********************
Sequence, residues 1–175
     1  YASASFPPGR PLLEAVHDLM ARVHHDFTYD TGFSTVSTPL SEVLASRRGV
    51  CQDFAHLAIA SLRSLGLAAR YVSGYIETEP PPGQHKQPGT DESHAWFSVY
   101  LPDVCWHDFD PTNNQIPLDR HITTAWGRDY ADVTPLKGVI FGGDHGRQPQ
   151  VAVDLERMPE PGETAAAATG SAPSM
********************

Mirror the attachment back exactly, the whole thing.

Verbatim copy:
Sequence, residues 1–175
     1  YASASFPPGR PLLEAVHDLM ARVHHDFTYD TGFSTVSTPL SEVLASRRGV
    51  CQDFAHLAIA SLRSLGLAAR YVSGYIETEP PPGQHKQPGT DESHAWFSVY
   101  LPDVCWHDFD PTNNQIPLDR HITTAWGRDY ADVTPLKGVI FGGDHGRQPQ
   151  VAVDLERMPE PGETAAAATG SAPSM